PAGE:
Pat Metheny is back with another album full of his trademark lyrical melodies and prodigious guitar and guitar-synth technique. Any of his fans will recognize his writing immediately, but what's new here is the extended format of the pieces. Ranging in length from five to 26 minutes, they don't have the accessible quality of so many of the compositions Metheny has brought us over the years, nor is there a standout "single". Instead, the four pieces, entitled "Opening," "Part One," "Part Two," and "Part Three," hang together in a single continuum rather than an album of individual compositions. In fact, the music dies down but never actually stops during the entire 68 minutes of the album; the main theme, as well as other ideas, are established and then re-emerge throughout.

 

"Opening" sets the stage with a lively, angular accompaniment to Metheny's smooth melody, but things get underway in earnest with "Part One." The album's main theme is introduced: a plaintive melody line featuring a pattern centered around only one note, but grows in intensity as the chords underneath it shift relentlessly.

 

The accompaniment, ranging from gentle to insistent, is most often a clock-like series of mid-tempo eighth notes, giving a feeling of excitement yet also of the inevitability of time's passage. During some sections this pulse disappears, or merely slows and dims, but it always returns --- almost like the daily transition of stepping out of a peaceful apartment onto a bustling city street. In fact, the album’s cover artwork hints at exactly such a cityscape theme. The excitement of the city is conveyed well here, too, through a sense of driven seeking in the music; the eighth note remains constant throughout, even though the time signatures sometime shift.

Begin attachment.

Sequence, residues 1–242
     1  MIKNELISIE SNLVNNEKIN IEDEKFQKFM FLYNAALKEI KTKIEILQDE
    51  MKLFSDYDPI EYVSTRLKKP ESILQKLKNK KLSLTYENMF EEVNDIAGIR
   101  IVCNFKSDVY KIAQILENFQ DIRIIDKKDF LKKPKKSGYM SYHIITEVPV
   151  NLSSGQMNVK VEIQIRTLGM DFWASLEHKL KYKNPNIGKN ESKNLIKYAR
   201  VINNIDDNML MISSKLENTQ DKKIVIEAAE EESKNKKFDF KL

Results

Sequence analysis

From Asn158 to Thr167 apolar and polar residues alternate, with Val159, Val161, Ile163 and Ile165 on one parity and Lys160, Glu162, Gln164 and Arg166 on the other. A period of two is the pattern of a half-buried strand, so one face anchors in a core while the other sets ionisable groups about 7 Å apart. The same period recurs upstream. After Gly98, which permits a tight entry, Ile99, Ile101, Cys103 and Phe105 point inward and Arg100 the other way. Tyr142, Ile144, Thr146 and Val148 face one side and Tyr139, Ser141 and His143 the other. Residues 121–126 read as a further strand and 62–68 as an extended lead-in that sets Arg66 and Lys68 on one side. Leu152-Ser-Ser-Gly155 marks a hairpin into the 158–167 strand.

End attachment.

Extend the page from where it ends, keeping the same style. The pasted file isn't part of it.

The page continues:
Metheny’s guitar chops are in fine shape here. Much of the melodic material is seemingly scripted, but there is a fair amount of traditional “soloing”, as well. Lyle Mays, Metheny’s longtime keyboardist, is often featured, with sounds reminiscent of Mays’ self-titled first solo album, as well as his second, Street Dreams. Acoustic and electric bassist Steve Rodby, another established Metheny sideman, supports flawlessly.

 

A new element in Metheny’s sound for this album is its feature of trumpeter Cuong Vu. Some of the most soaring melodic moments are given over to the trumpet, as opposed to Metheny’s famous synth/guitar.

 

Fans will recognize Metheny's sound immediately on The Way Up, but will have to expand their listening style somewhat to accommodate it. This album, due to its long tracks and cohesiveness as a whole work, as opposed to an emphasis on individual songs, is about as “iPod unfriendly” as can be. Instead, dim the lights, curl up on the couch, press play, and step out the front door into Metheny’s dynamic streetscape.

 

from BellaOnline Blues & Jazz 

 

The Way Up

Pat Metheny
Nonesuch Records, 2005